What Is A UK Credit Union And Should I Use One?
Credit unions are ethical, community-driven organisations that provide a lifeline to many people who can’t access finance services from traditional banks and building societies. They offer many of the same services, but unlike banks, they’re not run for profit. Instead, credit unions are run for the benefit of their members.
In this article, you’ll learn all the basics about credit unions, including:
- how credit unions work, and what makes them different from banks
- if your money is protected in a credit union
- who can join a credit union.
What is a credit union?
A credit union is a co-operative financial organisation that traditionally provides members with savings and loans services. Many credit unions now also offer other financial services.
Credit unions are owned by their members, rather than shareholders. That means they can focus on providing members with the services they need, rather than making a profit (unlike traditional banks). Any profits they do make are given back to members at the end of the financial year.
The first British credit union was formed by Caribbean families living in North London. This was the foundation of the modern credit union, London Capital Credit Union.
Since the 2008 financial crisis — in which many banks had to be bailed out by the government — the number of credit unions in the UK has grown. Now, there are more than 1.5 million credit union members in the UK.
What do credit unions offer?
All credit unions offer savings and loans services to their members. Because they’re community-driven rather than profit-driven, credit unions allow more people to access financial services — especially those who can’t get a loan or open a savings account through traditional channels.
But credit unions can also help with other financial initiatives. This includes improving financial knowledge and understanding, helping people manage their Universal Credit payments, and facilitating housing payments to landlords.
Credit union savings accounts
Credit unions usually offer ethical savings accounts. They don’t generate interest on your savings, because they’re not run for profit. But any money the credit union makes is given back to its members, either by paying out dividends on your savings, or by improving the service (for example, by reducing or removing fees).
Credit union loans
Credit unions usually offer loans at much lower interest rates than banks and other lenders. They can also offer short-term loans that don’t tie you into lengthy payback plans.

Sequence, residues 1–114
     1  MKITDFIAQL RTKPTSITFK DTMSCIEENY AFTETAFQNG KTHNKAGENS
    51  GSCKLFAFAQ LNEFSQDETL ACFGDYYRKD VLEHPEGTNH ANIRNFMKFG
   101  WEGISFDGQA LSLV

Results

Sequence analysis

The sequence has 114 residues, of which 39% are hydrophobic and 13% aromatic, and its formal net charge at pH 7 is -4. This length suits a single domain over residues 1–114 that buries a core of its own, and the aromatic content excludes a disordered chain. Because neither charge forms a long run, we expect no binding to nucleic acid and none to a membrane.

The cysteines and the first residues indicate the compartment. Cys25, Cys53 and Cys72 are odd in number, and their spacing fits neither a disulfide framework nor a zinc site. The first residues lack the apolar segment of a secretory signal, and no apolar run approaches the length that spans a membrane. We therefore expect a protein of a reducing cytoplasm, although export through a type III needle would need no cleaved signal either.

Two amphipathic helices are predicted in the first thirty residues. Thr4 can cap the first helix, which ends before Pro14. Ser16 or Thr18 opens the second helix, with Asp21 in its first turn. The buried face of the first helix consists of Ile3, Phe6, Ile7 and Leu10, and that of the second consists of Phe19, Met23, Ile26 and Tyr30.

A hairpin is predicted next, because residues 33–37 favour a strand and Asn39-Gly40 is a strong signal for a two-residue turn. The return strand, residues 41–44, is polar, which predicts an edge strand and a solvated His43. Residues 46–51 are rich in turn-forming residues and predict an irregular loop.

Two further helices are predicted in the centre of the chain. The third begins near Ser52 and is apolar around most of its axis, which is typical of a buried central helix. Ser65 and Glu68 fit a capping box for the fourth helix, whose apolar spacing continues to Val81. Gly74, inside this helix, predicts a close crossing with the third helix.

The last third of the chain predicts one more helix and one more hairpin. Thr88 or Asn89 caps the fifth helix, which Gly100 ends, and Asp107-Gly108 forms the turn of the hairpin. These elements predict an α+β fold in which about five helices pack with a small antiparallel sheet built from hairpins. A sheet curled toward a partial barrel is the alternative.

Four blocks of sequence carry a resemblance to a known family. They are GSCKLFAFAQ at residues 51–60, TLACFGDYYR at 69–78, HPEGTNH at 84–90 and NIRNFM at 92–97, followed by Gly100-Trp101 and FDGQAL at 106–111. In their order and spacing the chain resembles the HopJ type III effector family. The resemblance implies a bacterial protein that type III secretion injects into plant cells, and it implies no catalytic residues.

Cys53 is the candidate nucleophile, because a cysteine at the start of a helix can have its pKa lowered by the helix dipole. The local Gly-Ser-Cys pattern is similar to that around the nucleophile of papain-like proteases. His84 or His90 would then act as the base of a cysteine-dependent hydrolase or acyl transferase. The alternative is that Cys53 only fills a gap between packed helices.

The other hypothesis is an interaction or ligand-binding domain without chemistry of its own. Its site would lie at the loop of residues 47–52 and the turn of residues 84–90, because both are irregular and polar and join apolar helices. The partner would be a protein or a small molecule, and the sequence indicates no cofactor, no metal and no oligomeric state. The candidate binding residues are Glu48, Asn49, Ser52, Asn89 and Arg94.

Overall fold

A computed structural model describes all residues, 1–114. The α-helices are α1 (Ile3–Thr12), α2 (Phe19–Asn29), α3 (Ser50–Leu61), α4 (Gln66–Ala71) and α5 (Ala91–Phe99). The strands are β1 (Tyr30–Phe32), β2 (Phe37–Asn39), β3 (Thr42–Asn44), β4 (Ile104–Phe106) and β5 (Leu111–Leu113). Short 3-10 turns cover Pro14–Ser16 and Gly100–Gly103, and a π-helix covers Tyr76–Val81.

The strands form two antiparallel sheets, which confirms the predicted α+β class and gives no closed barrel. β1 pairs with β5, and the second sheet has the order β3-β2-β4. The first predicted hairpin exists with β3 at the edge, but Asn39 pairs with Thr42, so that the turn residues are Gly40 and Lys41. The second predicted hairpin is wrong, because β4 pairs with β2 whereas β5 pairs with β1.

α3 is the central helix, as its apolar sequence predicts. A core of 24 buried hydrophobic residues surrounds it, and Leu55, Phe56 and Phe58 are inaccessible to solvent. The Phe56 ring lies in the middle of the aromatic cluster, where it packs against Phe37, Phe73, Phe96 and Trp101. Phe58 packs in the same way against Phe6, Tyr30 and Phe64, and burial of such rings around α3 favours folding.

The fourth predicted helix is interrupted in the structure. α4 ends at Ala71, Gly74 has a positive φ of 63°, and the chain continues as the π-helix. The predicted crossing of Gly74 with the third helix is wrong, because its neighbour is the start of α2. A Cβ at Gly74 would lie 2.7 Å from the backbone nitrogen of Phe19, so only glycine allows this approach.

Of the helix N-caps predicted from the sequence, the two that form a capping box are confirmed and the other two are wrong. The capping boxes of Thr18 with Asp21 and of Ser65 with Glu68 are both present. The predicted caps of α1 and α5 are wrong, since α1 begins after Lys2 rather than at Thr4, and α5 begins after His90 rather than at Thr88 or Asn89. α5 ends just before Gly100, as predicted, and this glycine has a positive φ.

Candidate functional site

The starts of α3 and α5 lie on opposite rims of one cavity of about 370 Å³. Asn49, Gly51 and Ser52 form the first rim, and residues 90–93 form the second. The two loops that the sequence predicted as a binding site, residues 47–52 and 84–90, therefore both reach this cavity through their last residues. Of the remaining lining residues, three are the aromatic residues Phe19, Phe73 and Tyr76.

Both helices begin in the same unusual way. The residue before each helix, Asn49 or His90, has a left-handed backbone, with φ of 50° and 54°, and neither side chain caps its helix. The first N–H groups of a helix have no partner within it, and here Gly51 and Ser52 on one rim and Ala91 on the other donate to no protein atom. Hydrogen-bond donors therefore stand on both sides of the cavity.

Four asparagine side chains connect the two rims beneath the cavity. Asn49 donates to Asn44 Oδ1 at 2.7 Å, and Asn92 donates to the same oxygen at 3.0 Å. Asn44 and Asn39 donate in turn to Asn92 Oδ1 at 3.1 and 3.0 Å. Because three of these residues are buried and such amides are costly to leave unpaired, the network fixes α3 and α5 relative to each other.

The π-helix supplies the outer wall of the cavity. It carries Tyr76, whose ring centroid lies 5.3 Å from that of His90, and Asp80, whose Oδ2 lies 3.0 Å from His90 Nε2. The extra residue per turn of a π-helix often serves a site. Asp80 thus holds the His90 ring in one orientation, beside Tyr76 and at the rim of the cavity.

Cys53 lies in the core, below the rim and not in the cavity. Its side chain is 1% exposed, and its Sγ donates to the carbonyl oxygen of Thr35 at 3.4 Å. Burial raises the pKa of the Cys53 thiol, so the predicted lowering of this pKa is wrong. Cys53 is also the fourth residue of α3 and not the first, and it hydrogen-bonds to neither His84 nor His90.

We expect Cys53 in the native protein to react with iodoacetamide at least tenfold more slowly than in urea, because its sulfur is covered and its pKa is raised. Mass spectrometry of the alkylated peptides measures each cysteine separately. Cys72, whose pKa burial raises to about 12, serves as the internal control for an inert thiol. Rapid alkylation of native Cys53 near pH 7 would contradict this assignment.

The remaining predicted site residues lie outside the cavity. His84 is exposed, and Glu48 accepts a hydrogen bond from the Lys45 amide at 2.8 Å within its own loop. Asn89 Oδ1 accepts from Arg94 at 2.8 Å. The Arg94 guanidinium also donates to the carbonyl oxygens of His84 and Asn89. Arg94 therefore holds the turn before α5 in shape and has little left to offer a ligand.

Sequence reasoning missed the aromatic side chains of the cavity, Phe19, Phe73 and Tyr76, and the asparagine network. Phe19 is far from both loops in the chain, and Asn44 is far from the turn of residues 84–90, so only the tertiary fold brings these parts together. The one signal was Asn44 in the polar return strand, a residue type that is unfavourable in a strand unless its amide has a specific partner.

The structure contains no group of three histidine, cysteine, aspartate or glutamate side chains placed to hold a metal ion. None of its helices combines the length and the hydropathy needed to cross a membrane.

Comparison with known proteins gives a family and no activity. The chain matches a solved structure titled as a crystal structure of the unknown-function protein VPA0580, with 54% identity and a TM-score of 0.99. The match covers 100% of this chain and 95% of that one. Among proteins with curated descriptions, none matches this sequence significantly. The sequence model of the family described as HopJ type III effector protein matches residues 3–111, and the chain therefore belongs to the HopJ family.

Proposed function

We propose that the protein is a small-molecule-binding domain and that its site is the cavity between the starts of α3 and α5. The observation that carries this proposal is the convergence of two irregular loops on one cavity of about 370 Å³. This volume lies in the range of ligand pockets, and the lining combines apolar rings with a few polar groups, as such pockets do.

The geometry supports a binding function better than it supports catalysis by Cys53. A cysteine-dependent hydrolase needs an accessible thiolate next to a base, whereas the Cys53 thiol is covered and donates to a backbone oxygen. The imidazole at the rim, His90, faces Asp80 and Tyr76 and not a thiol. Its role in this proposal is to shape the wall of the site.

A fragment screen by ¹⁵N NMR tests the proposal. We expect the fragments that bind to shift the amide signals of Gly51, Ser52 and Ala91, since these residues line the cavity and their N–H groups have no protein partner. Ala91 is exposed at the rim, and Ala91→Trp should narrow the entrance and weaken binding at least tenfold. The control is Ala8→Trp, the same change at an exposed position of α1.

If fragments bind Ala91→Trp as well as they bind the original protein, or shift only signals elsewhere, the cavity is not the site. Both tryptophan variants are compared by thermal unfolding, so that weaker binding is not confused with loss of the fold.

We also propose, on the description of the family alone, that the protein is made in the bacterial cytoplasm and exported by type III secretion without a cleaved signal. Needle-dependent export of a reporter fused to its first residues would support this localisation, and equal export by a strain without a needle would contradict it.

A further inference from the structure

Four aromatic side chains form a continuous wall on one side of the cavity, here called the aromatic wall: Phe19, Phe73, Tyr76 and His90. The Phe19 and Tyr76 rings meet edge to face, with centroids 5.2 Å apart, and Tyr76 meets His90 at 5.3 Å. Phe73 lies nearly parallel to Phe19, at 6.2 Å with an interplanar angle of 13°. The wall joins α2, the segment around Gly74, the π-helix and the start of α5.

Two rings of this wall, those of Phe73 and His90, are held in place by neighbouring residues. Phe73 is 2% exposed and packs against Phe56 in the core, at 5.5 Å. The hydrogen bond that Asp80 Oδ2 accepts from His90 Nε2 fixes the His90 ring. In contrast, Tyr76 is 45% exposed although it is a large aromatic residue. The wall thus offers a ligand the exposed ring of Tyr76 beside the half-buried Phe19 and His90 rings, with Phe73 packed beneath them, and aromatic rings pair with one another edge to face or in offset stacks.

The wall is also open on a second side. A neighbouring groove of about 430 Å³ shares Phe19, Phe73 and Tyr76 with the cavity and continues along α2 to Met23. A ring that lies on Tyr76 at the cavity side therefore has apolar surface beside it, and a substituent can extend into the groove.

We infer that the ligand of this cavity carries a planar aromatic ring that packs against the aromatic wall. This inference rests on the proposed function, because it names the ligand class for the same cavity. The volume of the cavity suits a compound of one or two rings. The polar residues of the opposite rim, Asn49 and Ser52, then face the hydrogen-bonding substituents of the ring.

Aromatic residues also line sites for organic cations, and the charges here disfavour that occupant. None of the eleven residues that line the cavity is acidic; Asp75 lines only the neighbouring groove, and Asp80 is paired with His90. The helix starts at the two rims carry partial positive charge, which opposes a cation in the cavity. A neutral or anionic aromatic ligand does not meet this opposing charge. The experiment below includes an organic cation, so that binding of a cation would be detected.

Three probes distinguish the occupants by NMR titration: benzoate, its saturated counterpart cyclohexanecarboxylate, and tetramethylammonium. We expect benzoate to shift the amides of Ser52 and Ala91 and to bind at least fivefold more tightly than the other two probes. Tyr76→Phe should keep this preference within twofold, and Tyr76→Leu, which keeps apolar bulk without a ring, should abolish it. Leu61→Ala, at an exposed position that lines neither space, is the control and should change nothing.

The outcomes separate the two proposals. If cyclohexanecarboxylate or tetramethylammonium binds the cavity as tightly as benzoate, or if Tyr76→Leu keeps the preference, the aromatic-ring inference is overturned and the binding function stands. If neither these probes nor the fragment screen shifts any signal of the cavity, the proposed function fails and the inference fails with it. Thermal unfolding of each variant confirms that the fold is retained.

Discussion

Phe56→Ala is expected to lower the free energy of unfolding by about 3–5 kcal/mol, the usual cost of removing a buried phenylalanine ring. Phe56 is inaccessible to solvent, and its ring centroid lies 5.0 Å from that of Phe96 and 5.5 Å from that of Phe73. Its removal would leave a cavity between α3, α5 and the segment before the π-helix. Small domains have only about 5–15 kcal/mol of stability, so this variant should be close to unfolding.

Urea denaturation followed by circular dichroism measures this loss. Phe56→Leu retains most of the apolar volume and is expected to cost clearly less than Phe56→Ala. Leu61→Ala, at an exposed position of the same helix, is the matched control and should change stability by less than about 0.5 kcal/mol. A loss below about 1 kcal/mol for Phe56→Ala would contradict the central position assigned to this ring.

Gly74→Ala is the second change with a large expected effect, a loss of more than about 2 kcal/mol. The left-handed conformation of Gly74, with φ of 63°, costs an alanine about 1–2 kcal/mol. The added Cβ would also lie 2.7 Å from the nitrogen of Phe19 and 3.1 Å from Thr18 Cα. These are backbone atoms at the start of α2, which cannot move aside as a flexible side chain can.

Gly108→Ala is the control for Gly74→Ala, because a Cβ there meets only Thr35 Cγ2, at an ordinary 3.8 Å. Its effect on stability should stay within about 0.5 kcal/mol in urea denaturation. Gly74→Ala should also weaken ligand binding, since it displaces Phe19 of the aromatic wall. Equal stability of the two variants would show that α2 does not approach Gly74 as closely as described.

The maximum you’ll pay for a credit union loan is 3% per month, or 42.6% over the course of a year (also known as APR). By comparison, some payday loan lenders will charge as much as 1,500% APR.
Many credit unions now offer additional services, including:
- Current accounts
- Prepaid cards
- Payroll for businesses
- Help with budgeting and money worries.
Credit union vs banks: what’s the difference?
Unlike with banks, you must apply to become a member of a credit union before you can use their services. Membership is based on a common bond — for example, all members live in the same area, work for the same employer, or belong to the same organisation (such as a religious group or trade union).
Credit unions also focus mainly on savings and loans services, while banks offer a wider range of products. If credit unions do offer a current account, they won’t give you an overdraft, which can help prevent you getting into debt.
Banks pay regular interest on savings. Credit unions, on the other hand, pay dividends at the end of the financial year if they make a profit.
Is money protected if it’s stored in a credit union?
Yes. Like all regulated banks and building societies in the UK, credit unions are regulated by the Financial Conduct Authority. Your savings are protected by the Financial Services Compensation Scheme. So if your credit union goes bankrupt, your savings will be protected (up to a maximum of £85,000).
Should you join a credit union?
Credit unions are often used by people who can’t access traditional financial services thanks to their low or limited credit history. They offer loans at much better rates than payday loan lenders, and they lend responsibly, ensuring you can repay the money you’ve borrowed without getting into financial difficulty.
But credit unions also offer benefits for people with good credit. If you want to avoid banks on moral grounds, a credit union is a great alternative, thanks to their ethical, community-first approach to banking.
How to join a credit union
You can apply to join a credit union online. Check the approval criteria first to ensure you’re eligible to join. Here are some of the most popular credit unions in the UK:
- NHS Credit Union — open to current and retired NHS workers and contractors and members of their households
- London Community Credit Union — open to anyone or works or lives in Hackney, Haringey, Islington, Newham, Tower Hamlets, Waltham Forest or the City of London
- Advance Credit Union — open to anyone who lives in a ‘B’ postcode (i.e. Birmingham or Solihull)
- Manchester Credit Union — open to anyone who lives or works in Manchester, Trafford, Rochdale, Bury, Tameside, Stockport, or the High Peak
- YourB — open to employees or members of Manchester-based Islamic organisations, including Ansar Finance, UK Islamic Mission, AlManar Arabic School, and Youth-Shine UK.
Find Your Credit Union can help you find a credit union you’re eligible to join.
Still looking for the best way to save money? Learn more about finding a Sharia-compliant savings account in the UK.